"In the last two years, all the lab has done is showcase the facilities, there is no single project that has gone to testing, that we can say this is work in progress; we are happy to just show the media around," said a source, who did not want to be quoted by name due to the risk of losing future  opportunities.

"In other public-private partnerships I have been involved in, by the end of the first year, there are usually some progress that the public can test, or some research that benefits the public -- here we are just happy with the facilities and just making statements, the government has not made any demands or kept us accountable," the source said.

The ICT Authority's Kyalo acknowledges that IBM has not delved deeply into how a research lab can interact, to the benefit of all involved, with the start-up scene and growing companies. In the second phase of the five year contract that starts in September, however, IBM and the government will explore whether the private sector can benefit from the lab, he said.

Some industry players say IBM can help.

"Yes, IBM research has a role to play in the growth of the local tech sector; there's a huge gap for data that just requires someone with the necessary budget to sort it out," said Phares Kariuki, CEO of Angani, a cloud provider. "For instance, there's no central body that has been authoritatively tracking the evolution of connectivity in Kenya, how many people have fiber to the home, and of those, what's the average income level of the house hold."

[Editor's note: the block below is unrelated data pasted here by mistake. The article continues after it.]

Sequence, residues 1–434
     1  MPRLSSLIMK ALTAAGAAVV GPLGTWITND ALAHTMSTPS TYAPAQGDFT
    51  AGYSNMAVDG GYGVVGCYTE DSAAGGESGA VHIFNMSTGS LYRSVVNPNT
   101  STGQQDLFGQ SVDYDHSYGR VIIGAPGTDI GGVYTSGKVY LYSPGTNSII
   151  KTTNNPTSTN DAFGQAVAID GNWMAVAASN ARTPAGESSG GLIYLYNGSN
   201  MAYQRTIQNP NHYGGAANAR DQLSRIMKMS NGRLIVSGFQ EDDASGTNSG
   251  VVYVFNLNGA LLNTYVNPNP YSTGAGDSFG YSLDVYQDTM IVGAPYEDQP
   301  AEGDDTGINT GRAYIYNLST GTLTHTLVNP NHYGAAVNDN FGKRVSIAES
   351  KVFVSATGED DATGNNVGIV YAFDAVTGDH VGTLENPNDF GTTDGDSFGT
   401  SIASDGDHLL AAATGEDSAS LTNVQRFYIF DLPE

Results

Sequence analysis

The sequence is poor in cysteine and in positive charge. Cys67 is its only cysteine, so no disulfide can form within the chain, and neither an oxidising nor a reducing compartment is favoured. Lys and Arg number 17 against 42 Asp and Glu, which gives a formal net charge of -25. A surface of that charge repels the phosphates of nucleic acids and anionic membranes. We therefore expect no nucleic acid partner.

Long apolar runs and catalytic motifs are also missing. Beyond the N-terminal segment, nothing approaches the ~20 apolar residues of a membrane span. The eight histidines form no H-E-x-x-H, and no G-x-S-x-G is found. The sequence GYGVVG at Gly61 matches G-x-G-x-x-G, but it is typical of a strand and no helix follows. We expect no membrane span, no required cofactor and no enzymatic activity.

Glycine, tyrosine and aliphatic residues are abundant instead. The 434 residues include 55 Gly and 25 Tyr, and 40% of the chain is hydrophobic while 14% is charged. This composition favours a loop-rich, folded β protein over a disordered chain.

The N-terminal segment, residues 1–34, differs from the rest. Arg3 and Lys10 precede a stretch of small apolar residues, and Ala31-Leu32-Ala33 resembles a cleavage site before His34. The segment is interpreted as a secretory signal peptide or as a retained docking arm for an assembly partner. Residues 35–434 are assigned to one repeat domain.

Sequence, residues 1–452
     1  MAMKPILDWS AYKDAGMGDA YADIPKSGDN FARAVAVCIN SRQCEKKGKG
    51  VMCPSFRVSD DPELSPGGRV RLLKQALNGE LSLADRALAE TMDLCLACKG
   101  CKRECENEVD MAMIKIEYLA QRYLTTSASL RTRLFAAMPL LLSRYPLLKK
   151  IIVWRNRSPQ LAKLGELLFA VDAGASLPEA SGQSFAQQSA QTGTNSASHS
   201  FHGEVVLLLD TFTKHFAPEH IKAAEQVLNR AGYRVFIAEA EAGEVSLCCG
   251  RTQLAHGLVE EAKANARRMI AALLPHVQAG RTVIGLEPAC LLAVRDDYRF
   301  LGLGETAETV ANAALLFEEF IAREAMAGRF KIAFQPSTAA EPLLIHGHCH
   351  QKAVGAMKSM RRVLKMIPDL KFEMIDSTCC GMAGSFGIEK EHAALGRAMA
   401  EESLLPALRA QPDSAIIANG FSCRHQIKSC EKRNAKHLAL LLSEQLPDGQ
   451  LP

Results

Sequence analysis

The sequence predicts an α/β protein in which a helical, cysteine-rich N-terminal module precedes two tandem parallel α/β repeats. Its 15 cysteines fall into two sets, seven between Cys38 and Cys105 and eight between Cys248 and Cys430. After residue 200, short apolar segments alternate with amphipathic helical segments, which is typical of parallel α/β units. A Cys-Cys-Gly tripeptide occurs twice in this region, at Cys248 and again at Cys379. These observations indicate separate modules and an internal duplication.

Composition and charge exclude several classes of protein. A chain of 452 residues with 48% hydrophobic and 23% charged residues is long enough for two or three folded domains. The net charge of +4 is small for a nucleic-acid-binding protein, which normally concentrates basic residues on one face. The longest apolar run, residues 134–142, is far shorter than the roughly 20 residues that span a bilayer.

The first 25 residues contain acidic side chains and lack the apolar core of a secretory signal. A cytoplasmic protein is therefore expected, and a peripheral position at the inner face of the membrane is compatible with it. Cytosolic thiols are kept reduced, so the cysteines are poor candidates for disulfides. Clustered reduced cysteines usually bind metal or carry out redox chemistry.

This type of data would make investments in tech easier for investors because it would give them an accurate picture of technology consumption in Kenya, Kariuki said.

On its part, IBM says it wants to work with local companies. IBM considers itself the only multinational technology company that has committed significant investment to high-end engineering skills in Africa and it expects to start showing results in another 12 to 18 months.

"Engaging with the local business ecosystem is a crucial part of the strategy of IBM Research Africa; we work with partners as part of our research of new solutions and services as well as our go to market strategy," said IBM's Bhattacharya.

IBM says it has started working with Kenyan startups like Echo Mobile, which was involved in a campaign to provide information on Ebola in Sierra Leone last year. There is no data on the effect it had on the campaign, however.

Currently, IBM is working with Gear Box, a hardware startup that plans to build smart water tanks to be deployed in both urban and rural areas. The tanks are designed to give warnings on pump failure, energy consumption and coordination of water delivery services.

A major issue that has stymied participation of private companies in IBM projects, however, is the intellectual property requirement. For startups, the amount of paperwork presented by IBM to cover intellectual property issues is too much and requires investment in legal counsel, which the young companies may not have.

"According to the contract, if the IP originated with the government, then it belongs to the government, if it was IBM that came up with the idea, partnered, tested it and it works, then it belongs to IBM, for the private sector, they are supposed to negotiate separately with IBM," Kyalo said.

For private companies, IBM requires that all IP developed at the lab belongs to it, whether developed jointly or not. Asked whether this is calculated to deter local companies from participating, Bhattacharya said: "We are currently exploring a number of models that best suit the African landscape."